4th graders lately, about gratitude, being happy with what’s around us,
noticing what we have, and how lucky we are. By nature of our birth, we’ve
landed in a circumstance where we’re healthy, educated, and pretty well off. In
many ways, we’ve hit the lottery in comparison to the 8 million other souls on
this planet.
I can count my blessings, though they are innumerable.
And yet.
What about the phrase, “It helps to envision our spiritual
objective before we try to move toward it”? Isn’t that implicitly saying that
we can want more, and we have to clarify what that is so we can get there?
Isn’t there an inherent longing or dissatisfaction? A seeking?
So, today, I sit with the duality of … reality (sorry!): I
am content with my life, and I want more for it.
A friend once said to me when I was in a lot of pain around
a previous job, “Just stand at the copy machine and be grateful you are.”
Included in that idea is being grateful for: being alive, healthy, employed.
And yes, of fucking
course I am and was. But does that mean, Don’t dream beyond that?
Does that mean the longings of a soul are symptoms of being
ungrateful? Hmm….
Happiness breeds happiness. Contentment seems to attract more
of itself. I am a “law of attraction”
kind of believer. I comprehend that living in where I am with adulation and
appreciation and awe is crucial.
But. …
How do you truly sit with that frisson?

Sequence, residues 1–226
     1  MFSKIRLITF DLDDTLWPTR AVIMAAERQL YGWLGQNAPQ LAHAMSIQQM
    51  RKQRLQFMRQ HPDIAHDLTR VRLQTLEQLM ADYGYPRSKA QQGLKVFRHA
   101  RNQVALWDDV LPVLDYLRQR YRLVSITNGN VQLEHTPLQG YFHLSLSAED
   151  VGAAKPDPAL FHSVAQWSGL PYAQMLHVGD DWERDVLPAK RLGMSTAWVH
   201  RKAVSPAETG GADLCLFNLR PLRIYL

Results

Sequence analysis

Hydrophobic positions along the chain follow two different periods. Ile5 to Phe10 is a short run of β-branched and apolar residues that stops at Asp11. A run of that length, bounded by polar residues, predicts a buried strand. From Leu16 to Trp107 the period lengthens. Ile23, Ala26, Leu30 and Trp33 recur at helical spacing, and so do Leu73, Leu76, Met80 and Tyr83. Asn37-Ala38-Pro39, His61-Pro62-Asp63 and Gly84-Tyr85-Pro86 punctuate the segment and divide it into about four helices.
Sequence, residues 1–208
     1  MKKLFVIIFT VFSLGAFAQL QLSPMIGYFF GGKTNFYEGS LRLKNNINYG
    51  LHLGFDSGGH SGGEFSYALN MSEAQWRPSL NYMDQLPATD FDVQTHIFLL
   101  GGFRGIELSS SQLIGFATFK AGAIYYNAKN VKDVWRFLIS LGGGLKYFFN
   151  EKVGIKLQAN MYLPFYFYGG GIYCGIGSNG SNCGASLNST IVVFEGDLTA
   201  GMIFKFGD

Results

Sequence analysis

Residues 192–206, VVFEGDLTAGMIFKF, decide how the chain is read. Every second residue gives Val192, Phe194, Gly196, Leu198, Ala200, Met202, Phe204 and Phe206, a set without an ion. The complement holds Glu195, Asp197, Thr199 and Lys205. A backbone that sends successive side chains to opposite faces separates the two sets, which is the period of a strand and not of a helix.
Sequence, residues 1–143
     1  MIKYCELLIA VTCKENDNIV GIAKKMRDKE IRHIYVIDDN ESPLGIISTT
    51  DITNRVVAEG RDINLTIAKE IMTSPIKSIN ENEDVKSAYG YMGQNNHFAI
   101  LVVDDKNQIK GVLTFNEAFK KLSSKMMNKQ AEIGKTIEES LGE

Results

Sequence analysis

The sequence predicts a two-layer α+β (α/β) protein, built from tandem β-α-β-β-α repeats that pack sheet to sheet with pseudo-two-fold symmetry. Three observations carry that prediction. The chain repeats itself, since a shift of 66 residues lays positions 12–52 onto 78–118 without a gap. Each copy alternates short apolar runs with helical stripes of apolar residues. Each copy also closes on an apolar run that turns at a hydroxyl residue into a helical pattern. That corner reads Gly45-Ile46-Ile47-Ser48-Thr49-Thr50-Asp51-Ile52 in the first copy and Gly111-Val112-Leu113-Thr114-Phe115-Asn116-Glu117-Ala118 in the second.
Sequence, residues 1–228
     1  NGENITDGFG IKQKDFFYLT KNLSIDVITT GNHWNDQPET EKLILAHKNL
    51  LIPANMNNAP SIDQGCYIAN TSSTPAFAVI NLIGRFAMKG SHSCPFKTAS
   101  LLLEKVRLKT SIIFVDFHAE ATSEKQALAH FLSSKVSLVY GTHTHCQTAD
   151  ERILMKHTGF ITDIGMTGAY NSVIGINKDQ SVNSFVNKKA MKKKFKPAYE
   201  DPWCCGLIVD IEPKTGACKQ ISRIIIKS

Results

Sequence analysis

In the immediate present, in the “near,” I am going tonight
to perform in a community theater production. A good community theater, at that. For years, I’d been
dabbling at acting, and only at the start of the year did I make a conscious
commitment toward it.
I am adamantly grateful, and also, this was all borne of
restless desire and dissatisfaction.
I don’t know. I don’t think I can “figure it out,” and maybe
I don’t have to. But, I will always find it difficult to “sit” in gratitude for
things that make me feel I’m wasting my life. I have too much respect
for the time we’re given to simply “be” in where I’m at when that feels deadening.
And maybe that perspective is “wrong,” and it perpetuates my dissatisfaction. Maybe this longing and seeking
keep me from feeling fulfilled, but for today at least – however off-balance
it may make me – I do have one foot in
the near, and one firmly planted in the far.
Because, sorry Ekhart Tolle: I believe in the Power of Then. 

adulthood · ambition · connection · death · direction · life · mortality · stagnating

Caution: Lifeguard on Duty

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Today, I think of Death as the figure of the Grim Reaper
lounging by a public pool, a lifeguard. Watching, waiting for the people to
tire, and when they do, reaching in his scythe, and hoisting them out of the
water.
Over the last week, I spent my time with several people I adore who are all in their 30s and 40s and in phases of change in their lives. I
got to witness how they’re handling, adjusting, chafing, and, sometimes, enjoying their lives. And if
I’m honest, I got to witness a good deal of loneliness. (“If you spot it, you got it,” the saying goes.)
Because this isn’t only my story, I will be courteous to allow others their story and their privacy, but it inspired in me a great deal of reflection
over the week about my own life, my own story.
Early in the week, I heard a woman, a stranger, say, “At some
point, we have to give up all hope of our past being different.” There’s a lot
of standing in two worlds–past & present, present & future–that I got to witness this week, and see reflected in